E2E encryption vs server side encryption


#1

Are there still use cases where you should use the client server encryption instead of the new E2E encryption? Moreover can I activate the E2E encrypted folder by default or do I have to activate the server side encryption in the settings first?


#2

Do not enable both:

  • Server side encryption means that your client is sending the data unencrypted to the server and the server does encryption and decryption before sending it back to the client. This means that you trust the server/provider as it can read the data.
  • Client side encryption means that your client already encrypts the data before sending it to the server, so the server/provider cannot read the data and of course no man in the middle.
  • If you enable both, your data is doubled encrypted once client-side and once again on the server. So server-side encryption does not make sense of you already use client-side encryption and perhaps even is blocked by Nextcloud or causes issues depending on if the doubled decryption on web UI access is handled correctly.

#3

So does that mean I can use E2E encryption without activating the server side encryption? So if that’s the case. Why should I use server side encryption when I choose to use E2E? It seems like E2E is more secure and server side is redundant isn’t it?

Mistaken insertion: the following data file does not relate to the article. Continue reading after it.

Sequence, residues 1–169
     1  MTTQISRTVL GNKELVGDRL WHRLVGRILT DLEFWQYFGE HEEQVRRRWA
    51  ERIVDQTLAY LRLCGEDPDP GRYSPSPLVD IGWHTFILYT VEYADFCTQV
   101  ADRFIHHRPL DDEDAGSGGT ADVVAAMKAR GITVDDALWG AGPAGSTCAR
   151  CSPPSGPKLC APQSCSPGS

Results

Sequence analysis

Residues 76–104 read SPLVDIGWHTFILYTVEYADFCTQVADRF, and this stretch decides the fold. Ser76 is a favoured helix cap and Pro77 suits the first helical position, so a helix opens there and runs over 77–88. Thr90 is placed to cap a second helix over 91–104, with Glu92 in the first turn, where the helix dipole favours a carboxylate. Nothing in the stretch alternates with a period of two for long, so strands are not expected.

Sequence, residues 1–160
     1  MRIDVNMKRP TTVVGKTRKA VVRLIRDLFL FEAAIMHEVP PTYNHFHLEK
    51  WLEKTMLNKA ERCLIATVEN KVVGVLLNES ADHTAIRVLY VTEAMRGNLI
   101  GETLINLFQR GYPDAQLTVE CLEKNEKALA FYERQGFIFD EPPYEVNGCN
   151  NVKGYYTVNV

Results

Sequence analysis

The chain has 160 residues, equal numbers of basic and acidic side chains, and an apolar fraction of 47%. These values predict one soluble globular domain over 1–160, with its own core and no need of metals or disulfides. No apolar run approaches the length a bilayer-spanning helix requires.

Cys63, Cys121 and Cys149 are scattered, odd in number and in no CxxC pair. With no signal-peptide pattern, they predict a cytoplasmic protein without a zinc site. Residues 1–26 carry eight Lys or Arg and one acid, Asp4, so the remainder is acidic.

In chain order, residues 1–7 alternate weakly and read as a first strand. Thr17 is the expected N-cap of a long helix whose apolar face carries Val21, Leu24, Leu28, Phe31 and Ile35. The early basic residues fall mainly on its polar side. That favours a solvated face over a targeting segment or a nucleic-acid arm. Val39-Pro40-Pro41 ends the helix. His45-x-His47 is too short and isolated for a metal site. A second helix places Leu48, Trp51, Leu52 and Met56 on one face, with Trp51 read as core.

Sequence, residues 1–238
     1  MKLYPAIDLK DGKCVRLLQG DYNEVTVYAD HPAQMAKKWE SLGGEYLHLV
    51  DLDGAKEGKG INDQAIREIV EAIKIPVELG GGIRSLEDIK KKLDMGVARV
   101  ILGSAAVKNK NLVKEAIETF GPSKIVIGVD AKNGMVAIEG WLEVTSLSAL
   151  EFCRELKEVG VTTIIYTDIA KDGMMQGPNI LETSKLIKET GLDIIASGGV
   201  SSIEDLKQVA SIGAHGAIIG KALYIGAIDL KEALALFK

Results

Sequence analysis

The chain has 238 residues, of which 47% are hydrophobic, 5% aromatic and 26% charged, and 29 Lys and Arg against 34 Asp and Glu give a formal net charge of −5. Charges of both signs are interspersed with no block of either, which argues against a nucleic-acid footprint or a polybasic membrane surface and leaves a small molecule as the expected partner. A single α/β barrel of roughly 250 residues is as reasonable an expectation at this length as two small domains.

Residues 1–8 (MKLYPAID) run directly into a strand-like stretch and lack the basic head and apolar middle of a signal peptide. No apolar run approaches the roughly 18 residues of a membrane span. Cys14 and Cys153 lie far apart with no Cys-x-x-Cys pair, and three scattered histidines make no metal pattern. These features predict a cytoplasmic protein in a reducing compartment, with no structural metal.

#4

Server side encryption had originally been intriduced to secure remote storages like Dropbox and the like. In such cases the NC instance made sure, that all data only gets stored off-site beimg encrypted. Server side encryption had not been intended for local use. E2E on the other hand is in the hands of the particular user account and thus protects data inside the E2E-enabled folder, but not in folders below that.

E2E also has some other disadvantanges, since it’s only working with a sync client, so you’ll only get encrypted files from the Web client, should you download any encrypted file. E2E has a very specific use case and the limitations only make sense with very sensitive data.

Both encryptions come at the - probably significant - loss of performance and are probably not suited for underpowered hosts.


#5

Thank you. Question. Can I still share photo albums or images with e2ee enabled?


#6

Well, not without the 2nd party having also a desktop sync client and you sharing the secret with him/her. Definetively not via a public link.


#7

I’m confused. Why can third party providers like pCloud, Tresorit and sync do that? They use zero knowledge encryption plus end to end encryption and they can provide that.


#8

I don’t know any of those, but that’s also beyond of the scope of this discussion. You asked for the differences between server side encryption and E2E. If you want to utilize another sync service, do so - this decision is soley yours.


#9

Edit:

Must do more testing first.


#10

Thanks ryu. I’m going to test this later today.


#11

I’m sorry Chippel. I thought I had E2E enabled but only had server side encryption enabled. I enabled E2E now and will do some testing.

But you do have a point about other services like sync…